Contents 1 History 1.1 Early history 1.2 Recent history 2 Name and branding 3 Legal structure 4 Services 4.1 Audit 4.2 Consulting 4.3 Financial advisory 4.4 Risk advisory 4.5 Tax & legal 5 Offices 6 Awards and recognition 7 Litigation and regulatory action 7.1 Adelphia Communications 7.2 Livent 7.3 Standard Chartered 8 Controversy 8.1 Australian tobacco industry 8.2 Canadian Bar Association 8.3 E-mail hack 9 Sponsorships 10 See also 11 References 12 External links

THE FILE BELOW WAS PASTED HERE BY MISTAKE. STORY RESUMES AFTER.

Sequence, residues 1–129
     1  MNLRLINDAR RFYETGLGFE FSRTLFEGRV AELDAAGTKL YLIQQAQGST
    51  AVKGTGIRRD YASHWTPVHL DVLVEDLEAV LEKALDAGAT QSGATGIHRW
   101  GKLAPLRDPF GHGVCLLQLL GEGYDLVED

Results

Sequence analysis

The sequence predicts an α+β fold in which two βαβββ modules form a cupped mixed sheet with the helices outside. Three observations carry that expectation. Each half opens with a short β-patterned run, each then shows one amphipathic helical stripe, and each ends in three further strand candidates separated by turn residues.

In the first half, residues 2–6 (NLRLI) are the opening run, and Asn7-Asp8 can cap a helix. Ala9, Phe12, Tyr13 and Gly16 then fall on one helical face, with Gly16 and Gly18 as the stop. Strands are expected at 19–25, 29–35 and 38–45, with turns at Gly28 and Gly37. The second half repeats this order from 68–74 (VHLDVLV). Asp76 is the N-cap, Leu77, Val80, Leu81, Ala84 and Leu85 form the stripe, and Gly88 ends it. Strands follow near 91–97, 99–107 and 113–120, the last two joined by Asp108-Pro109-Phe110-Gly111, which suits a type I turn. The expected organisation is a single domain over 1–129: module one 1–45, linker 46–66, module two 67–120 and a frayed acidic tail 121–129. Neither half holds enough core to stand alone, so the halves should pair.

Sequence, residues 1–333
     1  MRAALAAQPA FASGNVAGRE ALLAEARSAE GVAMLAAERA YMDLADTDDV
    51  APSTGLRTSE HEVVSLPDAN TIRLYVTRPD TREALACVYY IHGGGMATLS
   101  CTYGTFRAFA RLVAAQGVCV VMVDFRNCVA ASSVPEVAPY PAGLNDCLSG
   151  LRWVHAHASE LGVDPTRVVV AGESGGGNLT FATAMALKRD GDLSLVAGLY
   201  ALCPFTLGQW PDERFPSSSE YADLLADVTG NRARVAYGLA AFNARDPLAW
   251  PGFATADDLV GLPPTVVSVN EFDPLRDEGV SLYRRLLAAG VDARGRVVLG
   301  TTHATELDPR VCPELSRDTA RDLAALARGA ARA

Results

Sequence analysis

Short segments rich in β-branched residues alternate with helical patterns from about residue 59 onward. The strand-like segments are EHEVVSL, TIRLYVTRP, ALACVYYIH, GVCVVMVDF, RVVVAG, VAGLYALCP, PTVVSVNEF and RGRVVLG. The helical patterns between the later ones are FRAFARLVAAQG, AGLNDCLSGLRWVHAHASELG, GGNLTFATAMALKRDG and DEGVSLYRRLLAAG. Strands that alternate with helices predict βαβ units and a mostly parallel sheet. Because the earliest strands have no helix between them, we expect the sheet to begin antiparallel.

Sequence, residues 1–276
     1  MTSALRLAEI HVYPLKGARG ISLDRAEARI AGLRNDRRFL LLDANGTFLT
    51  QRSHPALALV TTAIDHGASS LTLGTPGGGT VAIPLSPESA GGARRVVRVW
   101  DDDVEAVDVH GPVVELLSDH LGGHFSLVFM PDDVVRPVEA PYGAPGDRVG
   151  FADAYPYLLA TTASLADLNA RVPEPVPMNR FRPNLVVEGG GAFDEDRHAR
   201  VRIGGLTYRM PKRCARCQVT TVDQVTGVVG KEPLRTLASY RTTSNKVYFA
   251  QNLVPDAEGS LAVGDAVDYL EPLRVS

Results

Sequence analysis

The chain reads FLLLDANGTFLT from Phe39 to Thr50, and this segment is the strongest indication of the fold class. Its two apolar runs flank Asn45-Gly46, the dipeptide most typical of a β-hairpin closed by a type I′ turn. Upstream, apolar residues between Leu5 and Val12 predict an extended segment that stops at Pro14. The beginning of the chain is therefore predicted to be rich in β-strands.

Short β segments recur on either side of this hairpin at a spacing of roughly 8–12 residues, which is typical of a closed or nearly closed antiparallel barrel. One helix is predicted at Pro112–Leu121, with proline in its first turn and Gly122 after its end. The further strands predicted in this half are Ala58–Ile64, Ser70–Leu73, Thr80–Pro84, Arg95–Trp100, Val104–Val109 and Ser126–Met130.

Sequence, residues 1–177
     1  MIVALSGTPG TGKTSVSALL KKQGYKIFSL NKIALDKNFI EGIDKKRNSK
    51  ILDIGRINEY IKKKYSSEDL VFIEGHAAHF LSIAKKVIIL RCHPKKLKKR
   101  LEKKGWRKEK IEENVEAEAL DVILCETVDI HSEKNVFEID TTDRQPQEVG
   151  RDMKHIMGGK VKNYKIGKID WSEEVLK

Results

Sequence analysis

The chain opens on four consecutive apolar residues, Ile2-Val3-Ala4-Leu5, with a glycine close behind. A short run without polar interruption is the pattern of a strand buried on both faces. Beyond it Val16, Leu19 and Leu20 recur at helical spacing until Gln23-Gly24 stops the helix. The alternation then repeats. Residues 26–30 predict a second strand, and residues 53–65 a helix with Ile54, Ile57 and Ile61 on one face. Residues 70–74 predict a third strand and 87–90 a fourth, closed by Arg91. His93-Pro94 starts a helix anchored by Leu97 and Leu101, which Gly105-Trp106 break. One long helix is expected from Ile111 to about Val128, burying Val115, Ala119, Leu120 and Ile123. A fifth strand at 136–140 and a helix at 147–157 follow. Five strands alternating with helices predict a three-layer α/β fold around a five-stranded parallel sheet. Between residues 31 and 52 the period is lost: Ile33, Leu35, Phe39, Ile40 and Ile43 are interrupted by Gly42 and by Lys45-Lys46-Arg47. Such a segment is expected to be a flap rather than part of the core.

History[edit] Early history[edit] In 1845, William Welch Deloitte opened an office in London. Deloitte was the first person to be appointed an independent auditor of a public company, namely the Great Western Railway.[15] He went on to open an office in New York in 1880.[15] In 1896, Charles Waldo Haskins and Elijah Watt Sells formed Haskins & Sells in New York.[15] It was later described as "the first major auditing firm to be established in the country by American rather than British accountants."[16] In 1898, George Touche established an office in London and then, in 1900, joined John Ballantine Niven in establishing the firm of Touche Niven in the Johnston Building at 30 Broad Street in New York.[15] On 1 March 1933, Colonel Arthur Hazelton Carter, President of the New York State Society of Certified Public Accountants and managing partner of Haskins & Sells, testified before the U.S. Senate Committee on Banking and Currency. Carter helped convince Congress that independent audits should be mandatory for public companies.[15] William Welch Deloitte, founder of Deloitte In 1947, Detroit accountant George Bailey, then president of the American Institute of Certified Public Accountants, launched his own organization. The new entity enjoyed such a positive start that in less than a year, the partners merged with Touche Niven and A. R. Smart to form Touche, Niven, Bailey & Smart.[15] Headed by Bailey, the organization grew rapidly, in part by creating a dedicated management consulting function. It also forged closer links with organizations established by the co-founder of Touche Niven, George Touche: the Canadian organization Ross and the British organization George A. Touche.[15] In 1960, the firm was renamed Touche, Ross, Bailey & Smart, becoming Touche Ross in 1969.[15] In 1968 Nobuzo Tohmatsu formed Tohmatsu Aoki & Co, a firm based in Japan that was to become part of the Touche Ross network in 1975.[15] In 1972 Robert Trueblood, Chairman of Touche Ross, led the committee responsible for recommending the establishment of the Financial Accounting Standards Board.[15] In 1952, Deloitte merged his firm (by then known as Deloitte, Plender, Griffiths & Co.) with Haskins & Sells to form Deloitte Haskins & Sells.[17] In 1989, Deloitte Haskins & Sells merged with Touche Ross in the USA to form Deloitte & Touche. The merged firm was led jointly by J. Michael Cook and Edward A. Kangas. Led by the UK partnership, a smaller number of Deloitte Haskins & Sells member firms rejected the merger with Touche Ross and shortly thereafter merged with Coopers & Lybrand to form Coopers & Lybrand Deloitte (later to merge with Price Waterhouse to become PwC).[18] Some member firms of Touche Ross also rejected the merger with Deloitte Haskins & Sells and merged with other firms.[18] In UK, Touche Ross merged with Spicer & Oppenheim in 1990.[19] Recent history[edit] At the time of the US-led mergers to form Deloitte & Touche, the name of the international firm was a problem, because there was no worldwide exclusive access to the names "Deloitte" or "Touche Ross" – key member firms such as Deloitte in the UK and Touche Ross in Australia had not joined the merger. The name DRT International was therefore chosen, referring to Deloitte, Ross and Tohmatsu. In 1993, the international firm was renamed Deloitte Touche Tohmatsu.[15] Deloitte Office Building in Downtown Chicago In 1995, the partners of Deloitte & Touche decided to create Deloitte & Touche Consulting Group (now known as Deloitte Consulting).[20] In 2000, Deloitte acquired Eclipse to add Internet design-based solutions to its consulting capabilities. Eclipse was later separated into Deloitte Online and Deloitte Digital.[21] In 2002, Arthur Andersen's UK practice, the firm's largest practice outside the US, agreed to merge with Deloitte's UK practice. Andersen's practices in Spain, the Netherlands, Portugal, Belgium, Mexico, Brazil and Canada also agreed to merge with Deloitte.[22][23] The spinoff of Deloitte France's consulting division led to the creation of Ineum Consulting.[24] In 2005, Deloitte acquired Beijing Pan-China CPA to become the largest accountancy firm in China. Just prior to this acquisition Deloitte China had about 3,200 employees. This acquisition was part of a five-year plan to invest $150 million in China. Deloitte has had a presence in China since 1917.[25] In 2007, Deloitte began hiring former employees of the Central Intelligence Agency (CIA) for their competitive intelligence unit known as Deloitte Intelligence.[26] In 2009, Deloitte purchased the North American public service practice of BearingPoint (formerly KPMG Consulting) for $350 million after it filed for bankruptcy protection. [27] Deloitte LLP took over the UK property consultants Drivers Jonas in January 2010. As of 2013, this business unit was known as Deloitte Real Estate.[28] In 2011, Deloitte acquired DOMANI Sustainability Consulting and ClearCarbon Consulting in order to expand its sustainability service offerings.[29] In January 2012, Deloitte announced the acquisition of Übermind, a mobile advertising agency.[30] The acquisition marked Deloitte's first entrance into the mobile application field.[31] In November 2012, Deloitte acquired Recombinant Data Corporation, a company specializing in data warehousing and clinical intelligence solutions, and launched Recombinant by Deloitte.[32] In February 2013 Recombinant by Deloitte merged with an internal informatics unit (Deloitte Health Informatics) and launched ConvergeHEALTH by Deloitte.[33] On 11 January 2013, Deloitte acquired substantially all of the business of Monitor Group,[34] the strategy consulting firm founded by Harvard Business School professor Michael Porter, after Monitor filed for bankruptcy protection.[35] In 2014 the company introduced Rubix, a blockchain consultancy providing advisory services for clients in different business sectors, including government. In 2016 the company created its first blockchain lab in Dublin. A second hub was launched in New York in January 2017. In 2016, Deloitte Canada set-up a Bitcoin automatic teller machine and equipped a restaurant in its office complex to accept bitcoin as payment. Deloitte CIS partnered with Waves Platform to offering services related to initial coin offerings. Deloitte became a member of the Ethereum Enterprise Alliance and the Hyperledger Project sponsored by the Linux Foundation in May 2017.[36][37] In 2016, Deloitte acquired advertising agency Heat of San Francisco, best known for its work Madden NFL from EA Sports and the Hotwire travel website. Heat was the 11th digital marketing agency purchased by Deloitte Digital since its founding in 2012. As of 2016, Deloitte Digital had 7,000 employees. It billed $2.1 billion in 2015, making it one of world's largest digital agencies.[38][39] In September 2016, Apple Inc. announced a partnership with Deloitte aimed at boosting sales of its phones and other mobile devices to businesses. As part of the partnership, the two companies will launch a service called Enterprise Next, in which more than 5,000 Deloitte consultants will advise clients on how to make better use of Apple products and services.[40][41][42] In October 2016, Deloitte announced that they were creating Deloitte North West Europe. The Belgian, Danish, Dutch, Finnish, Icelandic, Norwegian, and Swedish member firms will combine with the UK and Swiss member firms to create Deloitte North West Europe. Deloitte, over the next three years, will invest €200m to enhance its services to its global, national and private market clients and to create the best development opportunities. The firm will come into effect on 1 June 2017 and it is estimated to have 28,000 partners and people generating over €5bn in annual revenue. Deloitte North West Europe will account for approximately 20% of all revenue within their Global Network. [43]